1. In a process for the formation of a 2,6-diaryl substituted polyphenylene ether comprising the steps of oxidatively coupling a 2,6-diaryl substituted monovalent phen01 in the presence of an oxygen carrying copper-amine complex catalyst, the improvement comprising performing the oxidative coupling reaction in the presence of 001-5 weight percent, based upon the 2,6-diaryl substituted phenol to be polymerized, of a phenolic additive having a copper-amine complex catalyzed oxidative coupling capability greater than that of the 2,6-diaryl substituted phenol to be polymerized in an amount suflicient to form a polymer having a minimum intrinsic viscosity of 1.0 deciliter per gram in chloroform at 30 C.

2. The process of claim 1 where the 2,6-diaryl substituted phenol is 2,6-diphenylphenol.

3. The process of claim 2 where the phenolic additive is 2,6-xylenol.

4. The process of claim 3 where the 2,6-xylenol is added in an amount of up to 1.50 weight percent based upon the phenol to be polymerized.

5. The process of claim 1 where the 2,6-diaryl substituted phenol is 2,6-diphenylphenol and the phenolic additive is o-cresol.

6. The process of claim 1 where the 2,6-diaryl substituted phenol is 2,6-diphenylphenol and the phenolic additive is 2,5-xylenol.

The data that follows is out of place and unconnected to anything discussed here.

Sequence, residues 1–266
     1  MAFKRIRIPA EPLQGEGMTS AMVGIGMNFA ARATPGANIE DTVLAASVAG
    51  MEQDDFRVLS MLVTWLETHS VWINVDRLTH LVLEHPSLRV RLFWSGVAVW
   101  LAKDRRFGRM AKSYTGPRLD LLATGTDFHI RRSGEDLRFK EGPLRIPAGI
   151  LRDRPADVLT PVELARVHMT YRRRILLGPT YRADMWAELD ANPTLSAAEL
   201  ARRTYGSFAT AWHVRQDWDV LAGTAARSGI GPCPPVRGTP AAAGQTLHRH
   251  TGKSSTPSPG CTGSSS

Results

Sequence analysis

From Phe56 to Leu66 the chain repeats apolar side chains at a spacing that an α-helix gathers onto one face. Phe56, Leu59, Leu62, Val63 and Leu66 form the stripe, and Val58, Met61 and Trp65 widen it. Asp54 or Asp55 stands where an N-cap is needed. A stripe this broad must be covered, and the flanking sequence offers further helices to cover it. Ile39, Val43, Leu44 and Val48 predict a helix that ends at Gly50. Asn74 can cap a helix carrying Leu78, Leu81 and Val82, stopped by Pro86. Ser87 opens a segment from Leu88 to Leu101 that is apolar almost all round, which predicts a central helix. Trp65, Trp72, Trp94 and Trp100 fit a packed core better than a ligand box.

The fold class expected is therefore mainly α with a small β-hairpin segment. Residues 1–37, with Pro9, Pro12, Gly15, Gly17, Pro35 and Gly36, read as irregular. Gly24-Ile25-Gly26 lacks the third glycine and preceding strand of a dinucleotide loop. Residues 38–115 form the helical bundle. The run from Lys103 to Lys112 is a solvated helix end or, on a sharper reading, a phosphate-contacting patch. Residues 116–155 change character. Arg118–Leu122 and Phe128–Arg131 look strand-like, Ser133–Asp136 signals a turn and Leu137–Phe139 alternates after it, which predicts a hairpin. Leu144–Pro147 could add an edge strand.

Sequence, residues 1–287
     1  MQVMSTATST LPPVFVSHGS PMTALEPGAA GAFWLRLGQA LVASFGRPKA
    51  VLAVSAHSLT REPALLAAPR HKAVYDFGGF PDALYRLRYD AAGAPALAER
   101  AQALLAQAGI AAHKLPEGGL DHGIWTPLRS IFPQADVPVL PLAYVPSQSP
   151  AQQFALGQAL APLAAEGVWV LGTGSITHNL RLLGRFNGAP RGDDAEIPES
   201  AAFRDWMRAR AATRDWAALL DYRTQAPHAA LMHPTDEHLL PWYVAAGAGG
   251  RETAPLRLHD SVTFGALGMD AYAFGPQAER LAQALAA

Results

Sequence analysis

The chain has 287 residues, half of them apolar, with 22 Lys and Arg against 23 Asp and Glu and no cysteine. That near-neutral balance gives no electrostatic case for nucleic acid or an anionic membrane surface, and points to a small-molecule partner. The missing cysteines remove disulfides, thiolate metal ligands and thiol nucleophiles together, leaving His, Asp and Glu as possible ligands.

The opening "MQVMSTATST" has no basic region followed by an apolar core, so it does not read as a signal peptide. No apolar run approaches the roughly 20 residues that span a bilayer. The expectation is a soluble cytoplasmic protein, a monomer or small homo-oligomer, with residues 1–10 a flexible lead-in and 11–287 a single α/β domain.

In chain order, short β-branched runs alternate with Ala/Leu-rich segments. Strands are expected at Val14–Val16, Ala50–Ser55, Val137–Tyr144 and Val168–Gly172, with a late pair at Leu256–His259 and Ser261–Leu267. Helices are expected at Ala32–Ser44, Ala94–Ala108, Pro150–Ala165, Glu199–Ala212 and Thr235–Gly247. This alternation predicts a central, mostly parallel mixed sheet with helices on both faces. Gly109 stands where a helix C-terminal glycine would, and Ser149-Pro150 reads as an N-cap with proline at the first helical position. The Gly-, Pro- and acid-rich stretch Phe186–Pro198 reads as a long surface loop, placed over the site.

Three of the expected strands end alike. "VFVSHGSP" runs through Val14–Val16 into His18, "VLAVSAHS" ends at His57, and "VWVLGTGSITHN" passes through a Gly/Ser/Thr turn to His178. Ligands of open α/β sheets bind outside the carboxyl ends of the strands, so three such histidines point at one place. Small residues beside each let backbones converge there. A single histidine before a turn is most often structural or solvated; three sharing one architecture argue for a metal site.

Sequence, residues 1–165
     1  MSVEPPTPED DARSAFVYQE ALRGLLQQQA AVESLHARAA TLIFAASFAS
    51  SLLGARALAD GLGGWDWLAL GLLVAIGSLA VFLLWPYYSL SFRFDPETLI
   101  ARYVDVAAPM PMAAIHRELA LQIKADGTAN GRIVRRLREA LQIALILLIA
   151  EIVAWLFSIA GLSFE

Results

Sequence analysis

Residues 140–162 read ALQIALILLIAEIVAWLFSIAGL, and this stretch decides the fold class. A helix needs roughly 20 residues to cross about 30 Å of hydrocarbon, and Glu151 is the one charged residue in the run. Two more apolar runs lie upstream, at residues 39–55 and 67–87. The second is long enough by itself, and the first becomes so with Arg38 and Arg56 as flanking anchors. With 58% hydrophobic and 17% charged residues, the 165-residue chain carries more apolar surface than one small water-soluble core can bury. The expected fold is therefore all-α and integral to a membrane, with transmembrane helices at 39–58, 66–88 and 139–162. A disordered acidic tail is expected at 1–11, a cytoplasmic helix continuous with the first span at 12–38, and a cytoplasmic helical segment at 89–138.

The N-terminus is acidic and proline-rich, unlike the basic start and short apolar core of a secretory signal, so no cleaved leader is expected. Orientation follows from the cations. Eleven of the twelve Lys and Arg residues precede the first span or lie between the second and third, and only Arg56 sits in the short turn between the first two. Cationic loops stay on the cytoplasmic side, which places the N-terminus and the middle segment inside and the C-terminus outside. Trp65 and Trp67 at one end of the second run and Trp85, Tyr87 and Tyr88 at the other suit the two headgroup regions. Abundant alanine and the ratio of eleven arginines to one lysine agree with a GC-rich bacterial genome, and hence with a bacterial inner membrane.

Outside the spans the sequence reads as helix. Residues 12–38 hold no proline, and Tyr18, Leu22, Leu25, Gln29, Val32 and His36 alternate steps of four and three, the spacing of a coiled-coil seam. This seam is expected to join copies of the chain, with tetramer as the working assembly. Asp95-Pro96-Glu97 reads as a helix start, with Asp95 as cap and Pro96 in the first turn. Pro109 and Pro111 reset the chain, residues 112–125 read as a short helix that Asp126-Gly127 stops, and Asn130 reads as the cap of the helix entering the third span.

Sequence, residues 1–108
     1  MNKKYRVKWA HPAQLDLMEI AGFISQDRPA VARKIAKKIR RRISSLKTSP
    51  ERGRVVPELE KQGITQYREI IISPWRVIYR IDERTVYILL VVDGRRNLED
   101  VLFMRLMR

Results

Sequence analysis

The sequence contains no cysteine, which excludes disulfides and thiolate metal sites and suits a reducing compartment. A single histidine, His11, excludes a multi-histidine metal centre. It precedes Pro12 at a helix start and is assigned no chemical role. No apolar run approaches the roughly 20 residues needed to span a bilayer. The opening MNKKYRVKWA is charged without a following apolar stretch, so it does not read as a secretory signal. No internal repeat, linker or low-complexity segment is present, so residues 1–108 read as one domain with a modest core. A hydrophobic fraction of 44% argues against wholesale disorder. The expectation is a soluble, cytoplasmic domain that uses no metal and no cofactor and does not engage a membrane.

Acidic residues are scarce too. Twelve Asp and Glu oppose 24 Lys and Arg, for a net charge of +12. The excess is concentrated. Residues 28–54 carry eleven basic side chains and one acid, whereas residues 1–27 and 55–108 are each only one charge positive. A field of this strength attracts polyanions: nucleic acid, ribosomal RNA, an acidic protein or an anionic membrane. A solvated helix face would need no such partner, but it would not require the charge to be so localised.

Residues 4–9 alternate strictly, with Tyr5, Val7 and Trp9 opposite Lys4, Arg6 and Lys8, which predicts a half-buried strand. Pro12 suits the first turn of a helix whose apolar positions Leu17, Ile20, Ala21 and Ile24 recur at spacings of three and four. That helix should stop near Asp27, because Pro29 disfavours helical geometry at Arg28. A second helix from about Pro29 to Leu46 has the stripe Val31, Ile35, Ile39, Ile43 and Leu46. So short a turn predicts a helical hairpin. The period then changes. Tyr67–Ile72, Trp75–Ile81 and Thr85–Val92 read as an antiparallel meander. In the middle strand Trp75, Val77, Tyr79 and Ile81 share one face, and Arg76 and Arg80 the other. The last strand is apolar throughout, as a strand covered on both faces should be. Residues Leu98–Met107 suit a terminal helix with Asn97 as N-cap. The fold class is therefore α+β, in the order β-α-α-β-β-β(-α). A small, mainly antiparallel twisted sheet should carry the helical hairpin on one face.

7. The process of claim 1 where the 2,6-diaryl substituted phenol is 2,6-diphenylphenol and the phenolic additive is 2,5-diphenylphenol.

8. The process of claim 1 where the 2,6-diaryl substituted phenol is 2,6-diphenylphenol and the phenolic additive is 4,2-dihydroxy-3,5,3'-triphenylbiphenyl.

References Cited UNITED STATES PATENTS 3,306,874 2/1967 Hay 26047 3,306,875 2/1967 Hay 260-47 3,313,776 4/1967 Borman 26047 WILLIAM H. SHORT, Primary Examiner.

M. GOLDSTEIN, Assistant Examiner.

Patent Citations
Cited PatentFiling datePublication dateApplicantTitle
US3306874 *Jul 24, 1962Feb 28, 1967Gen ElectricOxidation of phenols
US3306875 *Jul 24, 1962Feb 28, 1967Gen ElectricOxidation of phenols and resulting products
US3313776 *Mar 13, 1964Apr 11, 1967Gen ElectricProcess for increasing the molecular weight of a polyphenylene ether
Referenced by
Citing PatentFiling datePublication dateApplicantTitle
US4521584 *Feb 27, 1984Jun 4, 1985Bayer AktiengesellschaftUsing metal compound catalyst
US6323300Aug 18, 1997Nov 27, 2001Asahi Kasei Kogyo Kabushiki KaishaElectrical characteristics such as a low dielectric constant, heat resistance, film-forming properties, water absorption properties and adhesion to other materials, for electronic parts
Classifications
U.S. Classification528/215, 528/216, 502/165, 528/217, 528/212, 528/218
International ClassificationC08G65/00, C08G65/44, C08G65/48
Cooperative ClassificationC08G65/44, C08G65/485
European ClassificationC08G65/44, C08G65/48B